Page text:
Higher Rock Education - Economics Blog

Tuesday, April 09, 2024

Economics in the News – April 1-7, 2024

Economics impacts our lives every day. Below are some of the top storylines from this past week related to economics.

o   Are you planning to watch Monday’s solar eclipse? Rural towns across the United States, Canada and Mexico have been planning for the arrival of tourists seeking to watch the eclipse. Those economies in the path of totality – a 110-mile wide belt that stretches from Mazatlán to Montreal. Airbnb has reported a 1,000 percent increase in people searching for accommodations.

Tourism in the Mexican beach town of Mazatlán typically accounts for 80 percent of its economy. However, with the town expected to experience the eclipse longer than many other cities, nearly four minutes, officials expect 120,000 visitors and an economic output of roughly $30 million. Officials in Austin, Texas, has experienced higher than normal occupancy rates in hotels, with state tourism experts projecting a $285 million economic impact for the Lonestar State. [The New York Times]

o   Have you shopped for groceries at Walmart since 2018? Then you may be eligible for a payment of up to $500. A $45 million lawsuit settlement from a lawsuit filed in October 2022 claimed that Walmart overcharged shoppers for in-store purchases of certain weighted grocery items, such as poultry, pork and bagged citrus. Some of the bagged citrus included navel oranges, organic oranges, organic grapefruit, and tangerines.

While Walmart has denied the allegations, it has agreed to the settlement.  Any customer who shopped at a Walmart retail location in the United States and Puerto Rico between Oct. 19, 2018 and Jan. 19, 2024 and purchased the included weighted goods or bagged citrus can apply for a settlement payment. [The New York Times]

o   While suppliers have had to divert container ships from their usual routes in the Red Sea due to Houthi rebels based in Yemen attacking ships via helicopter, missiles, and drones; retailers and manufacturers are opting to fly more goods which has aided international airfreight operators. Routes linking the Middle East and South Asia to Europe have seen a 71 percent increase in the spot rate from last year to this year. Meanwhile, the global average spot rate climbed seven percent in March from a month earlier.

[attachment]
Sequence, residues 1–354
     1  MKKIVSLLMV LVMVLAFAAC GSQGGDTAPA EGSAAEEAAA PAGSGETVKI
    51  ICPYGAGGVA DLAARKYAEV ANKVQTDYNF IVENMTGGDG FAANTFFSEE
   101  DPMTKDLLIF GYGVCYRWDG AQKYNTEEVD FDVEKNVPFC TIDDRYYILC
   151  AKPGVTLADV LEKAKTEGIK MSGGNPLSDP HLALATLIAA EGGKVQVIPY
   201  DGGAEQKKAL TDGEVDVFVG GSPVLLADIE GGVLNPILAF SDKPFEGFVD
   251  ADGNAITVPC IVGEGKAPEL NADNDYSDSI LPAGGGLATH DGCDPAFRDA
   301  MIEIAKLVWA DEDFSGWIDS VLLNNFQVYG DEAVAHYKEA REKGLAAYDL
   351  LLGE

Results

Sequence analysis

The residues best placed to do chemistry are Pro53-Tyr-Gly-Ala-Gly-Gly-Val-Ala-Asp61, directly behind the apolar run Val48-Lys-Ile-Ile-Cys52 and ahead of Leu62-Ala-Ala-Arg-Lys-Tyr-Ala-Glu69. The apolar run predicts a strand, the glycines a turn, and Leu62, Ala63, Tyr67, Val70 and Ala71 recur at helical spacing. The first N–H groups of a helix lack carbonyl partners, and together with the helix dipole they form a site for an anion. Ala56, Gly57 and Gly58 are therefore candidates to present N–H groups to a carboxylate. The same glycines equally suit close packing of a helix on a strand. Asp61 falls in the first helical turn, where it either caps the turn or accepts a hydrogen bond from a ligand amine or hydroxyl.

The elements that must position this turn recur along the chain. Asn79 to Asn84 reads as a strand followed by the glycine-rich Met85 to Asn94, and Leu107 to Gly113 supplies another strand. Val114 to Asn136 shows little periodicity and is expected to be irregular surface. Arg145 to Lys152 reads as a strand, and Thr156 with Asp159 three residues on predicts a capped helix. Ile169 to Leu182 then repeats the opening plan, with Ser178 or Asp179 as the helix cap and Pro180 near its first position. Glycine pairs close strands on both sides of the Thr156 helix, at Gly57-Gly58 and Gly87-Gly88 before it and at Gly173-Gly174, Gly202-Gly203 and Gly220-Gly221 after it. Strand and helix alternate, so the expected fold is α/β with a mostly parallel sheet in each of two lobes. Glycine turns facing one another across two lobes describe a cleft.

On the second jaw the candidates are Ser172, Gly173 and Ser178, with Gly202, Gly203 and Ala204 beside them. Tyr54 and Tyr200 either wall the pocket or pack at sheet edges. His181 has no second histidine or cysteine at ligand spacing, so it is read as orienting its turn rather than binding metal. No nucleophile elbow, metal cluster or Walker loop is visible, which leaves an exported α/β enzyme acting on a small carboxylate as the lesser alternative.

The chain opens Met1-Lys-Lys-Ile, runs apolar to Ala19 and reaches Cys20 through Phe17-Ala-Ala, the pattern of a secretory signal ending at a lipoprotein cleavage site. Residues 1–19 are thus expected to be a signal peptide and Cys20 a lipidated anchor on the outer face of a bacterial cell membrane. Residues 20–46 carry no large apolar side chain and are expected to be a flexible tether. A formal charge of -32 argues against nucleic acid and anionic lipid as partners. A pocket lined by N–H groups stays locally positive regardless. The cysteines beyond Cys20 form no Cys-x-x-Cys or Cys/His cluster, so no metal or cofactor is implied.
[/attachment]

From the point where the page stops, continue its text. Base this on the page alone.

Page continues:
Airfreight is more expensive than ocean freight transport but companies opt to use it due to its speed of delivery. The ships that have been diverted around the Cape of Good Hope in South Africa can take up to 10 additional days to reach their destination. Some manufacturers are opting to shift high-priority goods from ship to air to meet production schedules. [The Wall Street Journal]

o   America’s power grid is being tested to its limits and utilities and regulators are stressed to come up with a plan to expand the power grid. The innovation of artificial intelligence is a major contributor to skyrocketing demand while the construction of large warehouses of computing infrastructure require more power than traditional data centers.

The proliferation of crypto-mining is also driving data center growth. Data centers accounted for four percent of the country’s total electricity in 2022, with projections showing that they will account for six percent by 2026. The situation is sparking debates and battles across the country over who will pay for new power supplies. Regulators worry that the bill will be passed to residential taxpayers. [The Washington Post]

o   Modern payment systems allow customers to pay with just a scan of their phone, or if shopping online, credit card number stored conveniently on a computer. However, it may be a little too easy to pay. A research paper based on research done at a Chinese bank found that customers charge 9.4 percent more on average on their credit cards through online and mobile payment transactions.

The paper’s lead author is Yuqian Xu, a professor at University of North Carolina’s Kenan-Flagler Business School. Xu estimates that approximately 4.5 percent of total credit card usage in the United States is due to frictionless payments, accounting for $50 billion of the $1.13 trillion in consumer credit card debt. [NPR]

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